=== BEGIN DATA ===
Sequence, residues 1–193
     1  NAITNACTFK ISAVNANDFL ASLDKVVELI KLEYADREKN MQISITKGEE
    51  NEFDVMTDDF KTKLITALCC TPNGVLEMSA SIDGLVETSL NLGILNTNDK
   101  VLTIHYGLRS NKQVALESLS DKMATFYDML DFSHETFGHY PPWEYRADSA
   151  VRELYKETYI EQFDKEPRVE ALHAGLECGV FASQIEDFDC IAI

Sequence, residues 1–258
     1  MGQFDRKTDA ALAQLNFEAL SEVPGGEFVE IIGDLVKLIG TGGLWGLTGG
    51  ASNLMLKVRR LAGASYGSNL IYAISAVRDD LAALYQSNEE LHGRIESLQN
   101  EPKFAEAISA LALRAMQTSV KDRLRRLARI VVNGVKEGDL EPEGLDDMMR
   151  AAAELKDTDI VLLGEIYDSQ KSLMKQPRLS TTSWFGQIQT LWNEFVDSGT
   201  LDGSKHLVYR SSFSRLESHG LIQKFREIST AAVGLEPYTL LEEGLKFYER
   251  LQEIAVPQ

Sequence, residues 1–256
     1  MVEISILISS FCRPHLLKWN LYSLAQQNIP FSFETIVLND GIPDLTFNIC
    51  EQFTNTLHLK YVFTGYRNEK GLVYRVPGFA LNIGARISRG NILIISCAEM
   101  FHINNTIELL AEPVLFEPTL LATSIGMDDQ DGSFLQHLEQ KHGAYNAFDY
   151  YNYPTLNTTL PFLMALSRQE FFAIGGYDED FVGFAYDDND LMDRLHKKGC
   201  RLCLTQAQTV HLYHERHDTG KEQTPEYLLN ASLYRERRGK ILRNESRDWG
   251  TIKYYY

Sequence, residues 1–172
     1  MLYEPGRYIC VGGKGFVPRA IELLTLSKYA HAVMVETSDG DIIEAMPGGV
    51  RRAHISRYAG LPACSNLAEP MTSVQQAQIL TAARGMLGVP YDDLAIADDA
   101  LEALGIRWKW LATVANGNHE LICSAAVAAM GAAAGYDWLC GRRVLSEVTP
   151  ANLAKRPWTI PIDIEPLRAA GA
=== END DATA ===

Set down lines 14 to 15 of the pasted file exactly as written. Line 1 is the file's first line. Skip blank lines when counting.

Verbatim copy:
     1  MVEISILISS FCRPHLLKWN LYSLAQQNIP FSFETIVLND GIPDLTFNIC
    51  EQFTNTLHLK YVFTGYRNEK GLVYRVPGFA LNIGARISRG NILIISCAEM